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O SON OF MAN!
If thou lovest Me, turn away from thyself; and if thou seekest My pleasure, regard not thine own; that thou mayest die in Me and I may eternally live in thee.
O SON OF SPIRIT!
There is no peace for thee save by renouncing thyself and turning unto Me; for it behooveth thee to glory in My name, not in thine own; to put thy trust in Me and not in thyself, since I desire to be loved alone and above all that is. – Baha’u’llah, The Hidden Words, p. 5.
The oldest and most consistent spiritual guidance, from just about every philosophy, faith and belief system, involves self-transcendence. In these two early passages from Baha’u’llah’s Hidden Words, that eternal advice returns.
“Turn away from thyself,” Baha’u’llah asks us. Krishna, Buddha, Christ and Muhammad all asked us to do the same:
Strive constantly to serve the welfare of the world; by devotion to selfless work one attains the supreme goal of life. Do your work with the welfare of others always in mind. – Krishna, the Bhagavad-Gita
Though one should conquer a thousand times a thousand men in battle, he who conquers his own self, is the greatest of all conquerers. – Buddha
And He was saying to them all, “If anyone wishes to come after Me, he must deny himself, and take up his cross daily and follow Me. “For whoever wishes to save his life will lose it, but whoever loses his life for My sake, he is the one who will save it. – Luke 9: 23-24.
The most excellent struggle is that for the conquest of self. – Muhammad, The Qu’ran.
But what does it mean to turn away from our selves, to be selfless?
The Baha’i teachings exalt the search for the self. Baha’u’llah urges all people to seek self-knowledge, to independently look for truth, to explore the things that open up the understanding of the self:
But knowing the self, that unique part of each of person, does not end our spiritual journey. Instead, knowing the self means the journey has begun.
Baha’u’llah, and in fact every Prophet of God, every Divine Messenger who brings us a new Faith, encourages all people to widen their focus beyond the insistent self, to try to see and comprehend the big picture:
…led by the light of the name of the All-Seeing God, make your escape from the darkness that surroundeth you. Let your vision be world-embracing, rather than confined to your own self. – Baha’u’llah, Gleanings from the Writings of Baha’u’llah, p. 94.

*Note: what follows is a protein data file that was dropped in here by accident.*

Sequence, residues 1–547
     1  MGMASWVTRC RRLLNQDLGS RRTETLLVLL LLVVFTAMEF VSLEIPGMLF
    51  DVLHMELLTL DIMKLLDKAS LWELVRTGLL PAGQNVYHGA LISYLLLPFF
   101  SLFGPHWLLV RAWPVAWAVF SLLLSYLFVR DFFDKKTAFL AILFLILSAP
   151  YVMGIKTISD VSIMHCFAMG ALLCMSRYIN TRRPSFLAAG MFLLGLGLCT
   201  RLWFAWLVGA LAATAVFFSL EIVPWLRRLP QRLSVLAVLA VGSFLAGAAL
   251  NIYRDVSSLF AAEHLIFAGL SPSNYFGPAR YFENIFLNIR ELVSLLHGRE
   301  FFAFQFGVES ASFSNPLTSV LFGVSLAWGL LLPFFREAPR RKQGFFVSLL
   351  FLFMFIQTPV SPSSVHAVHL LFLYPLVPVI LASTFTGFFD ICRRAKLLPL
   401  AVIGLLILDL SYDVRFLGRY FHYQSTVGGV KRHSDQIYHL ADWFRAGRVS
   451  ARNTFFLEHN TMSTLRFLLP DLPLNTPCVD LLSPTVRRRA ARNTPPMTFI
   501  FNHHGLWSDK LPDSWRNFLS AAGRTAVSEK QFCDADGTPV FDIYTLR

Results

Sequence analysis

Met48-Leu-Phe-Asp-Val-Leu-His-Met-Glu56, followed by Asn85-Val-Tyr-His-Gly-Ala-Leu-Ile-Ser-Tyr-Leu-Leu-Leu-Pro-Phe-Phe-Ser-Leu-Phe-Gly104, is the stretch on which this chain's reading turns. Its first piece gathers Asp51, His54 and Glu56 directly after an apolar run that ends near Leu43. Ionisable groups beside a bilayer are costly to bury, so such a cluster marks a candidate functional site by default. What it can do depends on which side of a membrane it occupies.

Once we each understand our selves, once we know who we are, then the Baha’i teachings encourage us to explore and comprehend the wider reality all around us – to let our “vision be world-embracing.”
And that reality includes more than just the physical, material world. That reality includes the spiritual world, the mystical, unseen reality beyond the tangible. Baha’u’llah asks us, in these two Hidden Words, to really begin to consider our own mortality, and then to decide what to do with that reality.
He asks us to trust God, to love God and to glory in His name. He suggests that only the death of the ego and the self can demonstrate our love. And He references the eternal, calling us all to recognize that this physical life will inevitably end. An eternal life awaits everyone, and this short, limited physical life, Baha’u’llah tells us later in the Hidden Words, only precedes it. Ultimately, he asks us to “die in Me” –transcending the self, adopting kind, selfless behavior and loving and serving humanity just for the sake of God.
This path of self-transcendence, Baha’u’llah tells us just as all the Messengers of the past have told us, will lead us to happiness:
Perchance ye may not be consumed by the fire of self and passion, nor allow the vain and worthless objects of this nether world to withhold you from Him Who is the Eternal Truth. Glory and abasement, riches and poverty, tranquility and tribulation, all will pass away, and all the peoples of the earth will erelong be laid to rest in their tombs. It behoveth therefore every man of insight to fix his gaze upon the goal of eternity, that perchance by the grace of Him Who is the Ancient King he may attain unto the immortal Kingdom and abide beneath the shade of the Tree of His Revelation. – Baha’u’llah, The Summons of the Lord of Hosts, p. 169.
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